Companies are always developing, implementing, and refining strategic plans. However, many fail to realize their vision and failure to deliver expected strategic results because executive leadership cannot isolate the reasons for this ongoing issue. 

If they repeat the strategic planning cycle without including lessons learned from previous planning cycles, they will continue to not succeed. Tracking appropriate program performance metrics per cycle improves planning and doesn’t rely on always hoping that the next strategic planning session will bring better results. There are a number of critical guidelines to keep in mind to ensure strategic plans are successful.

Guideline 1: Recognize the strategic value of the project

Project managers need to remind themselves that every project must contribute value and meet clients’ future needs. The key word is “value.” From a management standpoint, it is essential to relate the value of the project to the corporate strategy in both quantitative and qualitative terms. Everyone would agree that the most successful companies have a corporate strategy. Unfortunately, few project managers take the time to understand the value linking the corporate strategy and the project planning. You must re-state the final approach in more qualitative “business terms” so the client has a clear understanding of the “value” in their choice.

Guideline 2: Inform clients of potential value gained or lost

It is important the project manager help the client to recognize the risks associated in selecting one alternative over another – they could even come to the table with preconceived notions based on cost and/or ease of implementation. These choices can be risky and it is your responsibility to provide them with the data to make reasonable decisions to ensure they meet their mission.

When informing a client about risks, it is critical to be quick and competent in your response. Have a response strategy as a consideration? You never want to rely on the client for direction because that is why you are there. Be a forward thinker and “be prepared.” A number of approaches will help you provide the appropriate direction:

    • Brainstorm – Schedule a 30-minute brainstorm session with no more than two SME’s
    • Understand Clearly understand the technical aspects of all options. Draft (in business terms) a clear response to the client
    • Respond After you have gathered your thoughts, it is best to arrange a meeting with the client and invite no more than one SME (to make the client feel important yet not threatened) to present your response

The key is to give the client the perception you are working with them to address business needs.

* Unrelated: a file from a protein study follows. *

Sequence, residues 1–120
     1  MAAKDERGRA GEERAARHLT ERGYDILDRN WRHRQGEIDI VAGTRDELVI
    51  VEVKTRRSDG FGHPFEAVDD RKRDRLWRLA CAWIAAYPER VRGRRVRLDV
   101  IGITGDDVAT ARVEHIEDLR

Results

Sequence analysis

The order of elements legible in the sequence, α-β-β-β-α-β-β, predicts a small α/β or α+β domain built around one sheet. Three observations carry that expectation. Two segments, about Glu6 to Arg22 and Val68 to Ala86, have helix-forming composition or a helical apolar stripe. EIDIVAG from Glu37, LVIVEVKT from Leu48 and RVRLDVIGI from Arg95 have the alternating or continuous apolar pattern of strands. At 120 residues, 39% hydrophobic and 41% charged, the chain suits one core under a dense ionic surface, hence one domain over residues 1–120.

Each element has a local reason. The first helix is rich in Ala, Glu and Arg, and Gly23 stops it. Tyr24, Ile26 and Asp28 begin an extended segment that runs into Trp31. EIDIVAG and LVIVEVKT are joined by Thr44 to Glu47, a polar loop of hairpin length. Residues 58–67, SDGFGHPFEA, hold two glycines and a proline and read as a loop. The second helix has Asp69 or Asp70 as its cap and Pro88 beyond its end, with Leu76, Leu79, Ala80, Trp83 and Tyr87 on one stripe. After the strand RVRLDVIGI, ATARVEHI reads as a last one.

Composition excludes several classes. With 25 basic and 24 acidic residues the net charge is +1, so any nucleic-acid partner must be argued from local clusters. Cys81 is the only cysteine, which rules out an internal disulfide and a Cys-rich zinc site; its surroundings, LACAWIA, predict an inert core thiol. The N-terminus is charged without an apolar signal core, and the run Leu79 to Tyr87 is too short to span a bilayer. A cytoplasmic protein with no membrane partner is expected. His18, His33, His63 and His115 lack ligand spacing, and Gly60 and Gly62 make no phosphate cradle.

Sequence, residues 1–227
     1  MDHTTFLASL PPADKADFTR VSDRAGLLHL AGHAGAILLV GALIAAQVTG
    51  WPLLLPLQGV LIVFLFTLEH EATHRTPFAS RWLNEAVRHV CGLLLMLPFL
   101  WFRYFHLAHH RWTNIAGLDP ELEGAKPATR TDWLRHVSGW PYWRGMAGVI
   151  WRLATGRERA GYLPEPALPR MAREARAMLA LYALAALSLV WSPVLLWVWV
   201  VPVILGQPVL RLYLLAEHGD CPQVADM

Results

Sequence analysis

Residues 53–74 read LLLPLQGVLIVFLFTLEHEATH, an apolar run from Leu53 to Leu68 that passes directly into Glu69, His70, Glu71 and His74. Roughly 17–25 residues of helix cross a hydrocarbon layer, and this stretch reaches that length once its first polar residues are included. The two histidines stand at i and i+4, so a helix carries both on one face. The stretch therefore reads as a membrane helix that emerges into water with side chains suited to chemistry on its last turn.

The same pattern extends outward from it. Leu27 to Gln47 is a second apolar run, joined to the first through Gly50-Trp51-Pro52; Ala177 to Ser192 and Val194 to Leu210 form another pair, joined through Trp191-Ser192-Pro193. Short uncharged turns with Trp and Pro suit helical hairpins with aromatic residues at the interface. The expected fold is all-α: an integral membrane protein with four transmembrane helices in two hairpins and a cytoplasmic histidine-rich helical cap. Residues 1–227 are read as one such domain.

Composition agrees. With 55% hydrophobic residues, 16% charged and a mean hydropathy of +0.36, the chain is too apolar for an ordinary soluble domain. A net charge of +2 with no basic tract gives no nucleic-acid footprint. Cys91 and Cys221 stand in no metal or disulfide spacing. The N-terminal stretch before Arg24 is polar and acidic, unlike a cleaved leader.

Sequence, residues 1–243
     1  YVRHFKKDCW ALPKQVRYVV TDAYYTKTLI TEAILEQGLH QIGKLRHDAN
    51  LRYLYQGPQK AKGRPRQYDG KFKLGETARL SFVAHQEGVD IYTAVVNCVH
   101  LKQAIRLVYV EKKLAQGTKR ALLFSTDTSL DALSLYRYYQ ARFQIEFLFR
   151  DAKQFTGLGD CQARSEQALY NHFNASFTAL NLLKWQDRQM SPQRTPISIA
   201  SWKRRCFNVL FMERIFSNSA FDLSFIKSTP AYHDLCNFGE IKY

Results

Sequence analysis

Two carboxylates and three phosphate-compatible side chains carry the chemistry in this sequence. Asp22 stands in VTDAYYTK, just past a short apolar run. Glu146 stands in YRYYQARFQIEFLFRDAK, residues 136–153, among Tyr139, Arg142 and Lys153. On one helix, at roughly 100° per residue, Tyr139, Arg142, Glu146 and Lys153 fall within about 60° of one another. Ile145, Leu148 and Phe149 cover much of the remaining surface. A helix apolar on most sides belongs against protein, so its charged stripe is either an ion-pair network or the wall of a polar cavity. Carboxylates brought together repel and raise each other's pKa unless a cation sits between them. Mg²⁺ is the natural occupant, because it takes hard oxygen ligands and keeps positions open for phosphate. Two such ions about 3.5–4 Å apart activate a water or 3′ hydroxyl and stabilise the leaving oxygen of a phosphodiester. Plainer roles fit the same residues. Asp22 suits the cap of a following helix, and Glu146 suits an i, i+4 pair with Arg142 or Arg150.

Guideline 3: Ensure success through participation

The project manager must actively engage the client and create an environment where the client is a key participant in decision-making. Far too often, the project team will go behind closed doors, have little or no interaction with the client, and then return to the client with the supposed perfect solution. To align projects with the corporate strategy, it is critical to create an open and honest dialogue. Make sure the client knows you want to include them in determining the best approach that best aligns with the company’s strategy. For example, explain how you held a 30-minute brainstorming session with the SMEs to obtain a clear understanding of all-technical options and the pros and cons of each option.

Remember to speak in business terms that make sense to everyone listening. It is crucial to ensure the success of integrating organizational strategy with projects lies in the company’s ability to create a process that is open, transparent, and institutionalized. As project managers, we have a responsibility to create an environment with our client that is open and honest.

Make strategy your concern

In conclusion, the outcome of effectively recognizing, brainstorming, understanding, and responding to client requests results in:

    1. Clearer organizational focus
    2. Best use of scarce organizational resources such as people, equipment, and capital
    3. Improved communications across projects and departmentsC

No matter what tools you use as a project manager, it is essential to be competent and well informed when working with the client to ensure successful alignment between the company’s organizational strategy and the project.


Eric is Edwards Director of Healthcare Programs. He has 25+ years of Project Management experience as a contractor to the federal government, and served previously as the Project Management Institutes Baltimore Chapter President. . Currently, he works to define program management roles and responsibilities; provide guidance in the maturity of System Development Life Cycles (SDLC); plan for project communication between senior management, client stakeholders and Program staff; and identify an approach for risk management while upholding Edwards’ core values.